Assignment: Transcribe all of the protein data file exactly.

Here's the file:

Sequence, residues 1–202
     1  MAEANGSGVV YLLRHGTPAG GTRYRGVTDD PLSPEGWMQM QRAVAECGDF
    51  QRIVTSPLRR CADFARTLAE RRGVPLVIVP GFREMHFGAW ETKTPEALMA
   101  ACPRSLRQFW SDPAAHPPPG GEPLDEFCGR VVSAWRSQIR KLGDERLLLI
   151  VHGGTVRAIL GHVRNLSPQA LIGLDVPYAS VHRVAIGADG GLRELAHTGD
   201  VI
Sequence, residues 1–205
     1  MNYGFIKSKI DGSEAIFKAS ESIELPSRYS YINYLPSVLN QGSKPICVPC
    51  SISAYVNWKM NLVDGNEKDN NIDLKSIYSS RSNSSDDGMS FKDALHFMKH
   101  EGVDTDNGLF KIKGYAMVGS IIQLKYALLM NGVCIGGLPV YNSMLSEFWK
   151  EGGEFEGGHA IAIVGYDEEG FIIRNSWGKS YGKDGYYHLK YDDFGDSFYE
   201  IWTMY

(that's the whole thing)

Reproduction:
Sequence, residues 1–202
     1  MAEANGSGVV YLLRHGTPAG GTRYRGVTDD PLSPEGWMQM QRAVAECGDF
    51  QRIVTSPLRR CADFARTLAE RRGVPLVIVP GFREMHFGAW ETKTPEALMA
   101  ACPRSLRQFW SDPAAHPPPG GEPLDEFCGR VVSAWRSQIR KLGDERLLLI
   151  VHGGTVRAIL GHVRNLSPQA LIGLDVPYAS VHRVAIGADG GLRELAHTGD
   201  VI
Sequence, residues 1–205
     1  MNYGFIKSKI DGSEAIFKAS ESIELPSRYS YINYLPSVLN QGSKPICVPC
    51  SISAYVNWKM NLVDGNEKDN NIDLKSIYSS RSNSSDDGMS FKDALHFMKH
   101  EGVDTDNGLF KIKGYAMVGS IIQLKYALLM NGVCIGGLPV YNSMLSEFWK
   151  EGGEFEGGHA IAIVGYDEEG FIIRNSWGKS YGKDGYYHLK YDDFGDSFYE
   201  IWTMY